Report Open Access
Matentzoglu, Nicolas; Balhoff, James P.; Bello, Susan M.; Boerkoel, Cornelius F.; Bradford, Yvonne M.; Carmody, Leigh C.; Cooper, Laurel D.; Grove, Christian A.; Harris, Nomi L.; Köhler, Sebastian; Laporte, Marie-Angélique; Laulederkind, Stanley L.F.; Lee, Raymond; Mazandu, Gaston K.; McMurry, Julie A.; Mungall, Chris; Osumi-Sutherland, David; Pilgrim, Clare; Rageth, Kayli; Robb, Sofia M.C.; Robinson, Peter N.; Segerdell, Erik; Thessen, Anne; Vasilevsky, Nicole; Zhang, Xingmin A.; Haendel, Melissa A.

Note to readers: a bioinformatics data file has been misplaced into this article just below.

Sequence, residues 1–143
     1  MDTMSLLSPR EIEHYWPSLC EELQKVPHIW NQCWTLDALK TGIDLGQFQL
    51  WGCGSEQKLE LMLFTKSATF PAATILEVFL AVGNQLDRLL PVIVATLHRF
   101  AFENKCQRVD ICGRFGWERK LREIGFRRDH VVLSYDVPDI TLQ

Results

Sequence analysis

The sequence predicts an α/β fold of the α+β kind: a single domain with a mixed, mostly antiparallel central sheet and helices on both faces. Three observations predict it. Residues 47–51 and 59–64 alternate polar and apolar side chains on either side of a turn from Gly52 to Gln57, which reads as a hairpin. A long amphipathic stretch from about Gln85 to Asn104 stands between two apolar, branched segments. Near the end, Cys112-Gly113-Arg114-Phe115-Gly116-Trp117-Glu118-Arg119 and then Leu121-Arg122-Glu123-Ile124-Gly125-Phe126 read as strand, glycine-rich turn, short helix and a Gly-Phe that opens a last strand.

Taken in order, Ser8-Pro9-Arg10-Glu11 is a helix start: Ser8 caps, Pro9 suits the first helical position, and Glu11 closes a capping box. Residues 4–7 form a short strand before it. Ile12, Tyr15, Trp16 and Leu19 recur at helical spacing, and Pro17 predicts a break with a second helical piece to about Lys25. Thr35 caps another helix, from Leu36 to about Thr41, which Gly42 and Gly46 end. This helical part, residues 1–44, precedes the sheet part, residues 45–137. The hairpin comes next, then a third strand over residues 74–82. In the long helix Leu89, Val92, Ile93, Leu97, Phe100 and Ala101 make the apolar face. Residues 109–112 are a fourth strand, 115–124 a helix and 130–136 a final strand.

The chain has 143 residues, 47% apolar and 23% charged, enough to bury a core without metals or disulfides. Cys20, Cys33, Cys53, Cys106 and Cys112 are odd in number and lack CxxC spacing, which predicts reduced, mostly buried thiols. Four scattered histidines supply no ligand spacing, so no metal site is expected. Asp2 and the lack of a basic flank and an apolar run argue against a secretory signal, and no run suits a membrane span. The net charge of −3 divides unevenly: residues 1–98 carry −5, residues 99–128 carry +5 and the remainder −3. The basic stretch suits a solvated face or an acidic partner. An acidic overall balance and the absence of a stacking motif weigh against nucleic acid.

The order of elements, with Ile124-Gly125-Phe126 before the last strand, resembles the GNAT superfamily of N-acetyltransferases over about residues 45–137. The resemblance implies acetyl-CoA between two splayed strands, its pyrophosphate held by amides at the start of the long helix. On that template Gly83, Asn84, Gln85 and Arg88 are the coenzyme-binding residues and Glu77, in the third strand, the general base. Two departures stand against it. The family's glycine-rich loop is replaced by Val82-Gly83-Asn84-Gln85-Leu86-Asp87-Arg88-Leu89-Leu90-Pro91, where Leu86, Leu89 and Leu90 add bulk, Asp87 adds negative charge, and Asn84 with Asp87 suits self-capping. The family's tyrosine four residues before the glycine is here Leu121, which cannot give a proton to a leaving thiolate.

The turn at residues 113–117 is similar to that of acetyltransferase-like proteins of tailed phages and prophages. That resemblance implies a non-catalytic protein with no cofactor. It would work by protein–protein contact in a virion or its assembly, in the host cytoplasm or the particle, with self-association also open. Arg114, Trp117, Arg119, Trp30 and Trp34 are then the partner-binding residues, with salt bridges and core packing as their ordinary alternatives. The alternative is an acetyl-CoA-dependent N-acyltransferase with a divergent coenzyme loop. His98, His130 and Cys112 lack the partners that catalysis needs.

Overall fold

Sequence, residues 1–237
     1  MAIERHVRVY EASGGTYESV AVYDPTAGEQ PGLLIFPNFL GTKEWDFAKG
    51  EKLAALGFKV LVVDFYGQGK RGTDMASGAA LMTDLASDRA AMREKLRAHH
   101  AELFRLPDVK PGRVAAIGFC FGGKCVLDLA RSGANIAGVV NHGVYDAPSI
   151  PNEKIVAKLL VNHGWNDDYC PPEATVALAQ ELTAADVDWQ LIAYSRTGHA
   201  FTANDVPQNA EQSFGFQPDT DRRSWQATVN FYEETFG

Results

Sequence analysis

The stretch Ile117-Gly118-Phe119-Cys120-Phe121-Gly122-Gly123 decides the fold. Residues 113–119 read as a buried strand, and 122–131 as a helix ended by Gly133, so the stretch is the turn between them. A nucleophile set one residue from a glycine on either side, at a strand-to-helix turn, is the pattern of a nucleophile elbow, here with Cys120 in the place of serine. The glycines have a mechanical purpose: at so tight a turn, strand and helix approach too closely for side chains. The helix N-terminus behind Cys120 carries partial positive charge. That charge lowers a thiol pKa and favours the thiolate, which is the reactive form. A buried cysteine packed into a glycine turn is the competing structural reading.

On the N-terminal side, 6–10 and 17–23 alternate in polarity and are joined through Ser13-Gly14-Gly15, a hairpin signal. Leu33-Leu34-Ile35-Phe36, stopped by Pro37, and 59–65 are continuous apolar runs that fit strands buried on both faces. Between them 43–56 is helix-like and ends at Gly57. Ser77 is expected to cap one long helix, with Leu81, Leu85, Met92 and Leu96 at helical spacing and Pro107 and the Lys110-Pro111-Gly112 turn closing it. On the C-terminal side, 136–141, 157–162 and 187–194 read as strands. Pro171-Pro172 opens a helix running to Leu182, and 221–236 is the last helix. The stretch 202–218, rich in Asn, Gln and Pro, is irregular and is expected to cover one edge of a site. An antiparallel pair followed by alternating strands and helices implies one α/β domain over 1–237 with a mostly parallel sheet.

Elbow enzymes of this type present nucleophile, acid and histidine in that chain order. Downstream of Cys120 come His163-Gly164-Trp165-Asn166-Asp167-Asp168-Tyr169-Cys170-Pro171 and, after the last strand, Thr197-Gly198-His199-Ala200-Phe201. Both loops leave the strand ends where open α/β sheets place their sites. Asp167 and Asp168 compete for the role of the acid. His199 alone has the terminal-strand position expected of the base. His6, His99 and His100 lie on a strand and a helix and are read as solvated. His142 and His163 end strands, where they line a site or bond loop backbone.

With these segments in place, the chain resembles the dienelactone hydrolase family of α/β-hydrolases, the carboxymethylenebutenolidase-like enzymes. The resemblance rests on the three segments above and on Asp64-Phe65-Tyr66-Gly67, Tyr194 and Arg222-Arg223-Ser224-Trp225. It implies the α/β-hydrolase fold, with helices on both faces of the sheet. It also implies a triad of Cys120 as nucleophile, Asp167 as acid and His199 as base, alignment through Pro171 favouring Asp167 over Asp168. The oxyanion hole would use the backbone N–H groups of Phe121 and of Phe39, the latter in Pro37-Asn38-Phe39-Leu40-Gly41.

Logical definitions, in particular those following the Entity-Quality approach, are increasingly used to drive automated classification of phenotypes and integrate phenotypes across species semantically. Over the years, the lack of consistent and widespread use of common standards resulted in conceptually equivalent or similar phenotypes with logically divergent definitions. Recently, pattern-based approaches such as Dead Simple Ontology Design Patterns (DOSDP) have emerged as a way to reconcile such divergent definitions on a large scale. To facilitate the widespread adoption of DOSDP-based phenotype ontology development and to organise the reconciliation process involving key model organism communities, we have established the Phenotype Ontologies Traversing All The Organisms (POTATO) Workshop Series. These workshops are part of the NIH-funded “Forums for Integrative Phenomics” conference award, which provide a venue for phenotype ontology developers and phenomics informaticians to align their goals and technical approaches. The first POTATO workshop, in August 2018, provided training in cutting-edge tools and techniques for developing and releasing ontologies using design patterns and automated imports. This workshop also featured collaborative exercises in reconciling divergent logical definitions drawn from major phenotype ontologies that resulted in a set of general recommendations for how to improve phenotype ontologies and their development as well as a set of reconciled definitions. As a result of the workshop, many of the attendees have joined a phenotype ontology reconciliation effort, aimed at developing and implementing common design patterns across a range of phenotype ontologies. We thus plan to hold additional POTATO workshops.